Junior Achievement of Mahoning Valley is releasing a free resource for teens titled Making Sense: Understanding the Financial Impact of COVID-19.
The guide is designed to answer teens’ questions about the economic implications of COVID-19, including “Why are some store shelves empty?”, “Why are some people losing their jobs?” and “Are we going into a recession, or even a depression?” The guide is available at JA.org/MakingSense.
“While social distancing is essential to fighting COVID-19, the disease and the steps we must take to address it are having a financial impact. Our goal is to help young people better understand what’s happening,” said Michele Merkel, president of Junior Achievement of Mahoning Valley. “April is Financial Literacy Month, and this is really an important time to be sharing this kind of information.”
The guide is written with middle-school and high-school students in mind. It uses relatable examples to explain what a recession is, how the Federal Reserve works and steps being taken by government and the private sector to deal with the economic impact associated with COVID-19. JA is also offering free resources to teachers and parents who may have students finishing school online this semester. Those resources are available at JA.org/Tomorrows.
With Volunteer Appreciation Week being this week, April 19-25, Junior Achievement of Ashtabula County District Manager Patty Stone has been sending out JA Volunteer appreciation certificates and information.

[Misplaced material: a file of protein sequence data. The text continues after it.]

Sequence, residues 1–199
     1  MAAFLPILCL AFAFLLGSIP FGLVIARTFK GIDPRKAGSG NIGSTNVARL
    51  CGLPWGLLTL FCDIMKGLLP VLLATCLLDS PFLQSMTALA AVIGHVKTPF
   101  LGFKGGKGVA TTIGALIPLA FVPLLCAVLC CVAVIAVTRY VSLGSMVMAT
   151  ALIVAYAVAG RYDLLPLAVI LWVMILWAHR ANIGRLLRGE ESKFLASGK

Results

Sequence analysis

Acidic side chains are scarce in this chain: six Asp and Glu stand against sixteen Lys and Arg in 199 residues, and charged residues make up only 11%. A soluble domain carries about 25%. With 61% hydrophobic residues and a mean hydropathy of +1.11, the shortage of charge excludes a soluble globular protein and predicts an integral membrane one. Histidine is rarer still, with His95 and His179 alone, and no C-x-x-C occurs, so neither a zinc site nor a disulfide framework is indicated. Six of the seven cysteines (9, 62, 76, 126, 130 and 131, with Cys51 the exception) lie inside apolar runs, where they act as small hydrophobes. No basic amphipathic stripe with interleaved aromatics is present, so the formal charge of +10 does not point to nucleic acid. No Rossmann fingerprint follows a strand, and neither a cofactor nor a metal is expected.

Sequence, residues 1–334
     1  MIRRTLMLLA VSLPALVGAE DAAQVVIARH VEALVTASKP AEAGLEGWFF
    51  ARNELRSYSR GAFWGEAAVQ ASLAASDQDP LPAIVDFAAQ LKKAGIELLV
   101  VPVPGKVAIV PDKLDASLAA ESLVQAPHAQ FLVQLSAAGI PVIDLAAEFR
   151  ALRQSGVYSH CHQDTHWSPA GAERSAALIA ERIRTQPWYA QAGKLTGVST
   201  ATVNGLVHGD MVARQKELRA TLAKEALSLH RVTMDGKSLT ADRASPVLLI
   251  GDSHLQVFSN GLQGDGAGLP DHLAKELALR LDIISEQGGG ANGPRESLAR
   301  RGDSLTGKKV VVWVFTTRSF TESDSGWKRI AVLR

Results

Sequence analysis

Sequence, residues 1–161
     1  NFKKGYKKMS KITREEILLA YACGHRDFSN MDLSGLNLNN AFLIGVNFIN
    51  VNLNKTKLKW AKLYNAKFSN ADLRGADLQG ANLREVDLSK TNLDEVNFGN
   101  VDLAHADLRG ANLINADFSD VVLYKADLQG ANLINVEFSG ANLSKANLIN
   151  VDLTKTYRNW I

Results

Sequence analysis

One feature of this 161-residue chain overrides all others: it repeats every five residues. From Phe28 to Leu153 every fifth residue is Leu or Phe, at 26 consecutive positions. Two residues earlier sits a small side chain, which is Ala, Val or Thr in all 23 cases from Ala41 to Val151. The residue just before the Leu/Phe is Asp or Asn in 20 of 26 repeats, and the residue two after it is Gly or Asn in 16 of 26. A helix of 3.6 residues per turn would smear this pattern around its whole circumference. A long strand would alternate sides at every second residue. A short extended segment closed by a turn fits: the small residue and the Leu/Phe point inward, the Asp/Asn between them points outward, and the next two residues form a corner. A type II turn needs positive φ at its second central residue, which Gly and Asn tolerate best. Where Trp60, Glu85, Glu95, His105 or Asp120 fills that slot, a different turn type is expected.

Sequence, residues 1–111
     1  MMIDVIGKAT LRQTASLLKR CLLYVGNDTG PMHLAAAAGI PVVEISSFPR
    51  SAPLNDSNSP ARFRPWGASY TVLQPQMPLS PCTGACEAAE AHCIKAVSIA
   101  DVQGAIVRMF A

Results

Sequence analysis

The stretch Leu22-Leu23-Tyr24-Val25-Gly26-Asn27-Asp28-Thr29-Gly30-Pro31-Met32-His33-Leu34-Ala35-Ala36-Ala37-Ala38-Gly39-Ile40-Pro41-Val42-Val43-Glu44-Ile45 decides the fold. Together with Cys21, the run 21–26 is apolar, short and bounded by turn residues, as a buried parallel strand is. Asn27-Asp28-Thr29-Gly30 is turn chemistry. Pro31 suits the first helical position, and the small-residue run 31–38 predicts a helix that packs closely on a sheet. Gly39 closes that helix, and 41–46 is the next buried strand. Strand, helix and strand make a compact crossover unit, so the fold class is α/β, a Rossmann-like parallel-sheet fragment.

“Junior Achievement of Ashtabula County has transitioned our in-classroom programs to virtual learning programs through [supporters’] generous support, and we have been given permission by our national office to implement a temporary teacher-led delivery model that does not require volunteers. Since our teachers are already working with the students, and most are familiar with JA programs, we will be able to continue to deliver JA to our community’s young people during this pandemic. It is not an ideal solution since the students get so much value from the volunteer interaction, but it is one way to help reduce the disruptions students may be facing during this period of uncertainty,” Stone said.
Junior Achievement also is supporting virtual classrooms with free online resources for schools and parents available at www.juniorachievement.org/web/ja-usa/program-resources and https://tinyurl.com/y8bod2y2.
These Junior Achievement supplements are learning experiences to support entrepreneurship, financial literacy and work and career readiness that students can do on their own, with a parent or caring adult or via a digital/virtual environment.
Programs include Junior Achievement High School Experiences Courses and JA It’s My Job (soft skills) for grades 6-12.
JA Economic Resources Online can be found at https://sites.google.com/ja.org/ja-econ-resources/home.
“We are hopeful that these programs can help children spend more timing planning for and dreaming about tomorrow, and less time worrying about today,” Stone said.
Additionally, as an extension of their digital and experiential learning resources, Junior Achievement is partnering with Invest in You: Ready. Set. Grow., CNBC’s financial wellness and education initiative in partnership with Acorns, to host “Tomorrows Are More Important Than Ever: A Virtual Town Hall for America’s Teens” on April 23 at 1 p.m.
Hosted by CNBC Senior Personal Finance Correspondent Sharon Epperson, this unique interactive event will give teens across America direct access to some of the country’s most knowledgeable economists, entrepreneurs, psychologists and counselors and ask them top-of-mind questions about how to best adapt to the new normal. The panelists will offer simple, straightforward strategies to help empower participants to strive toward a bright and successful tomorrow – because tomorrows are more important than ever.
If interested in participating, fill out the form at www.juniorachievement.org/web/ja-usa/townhall.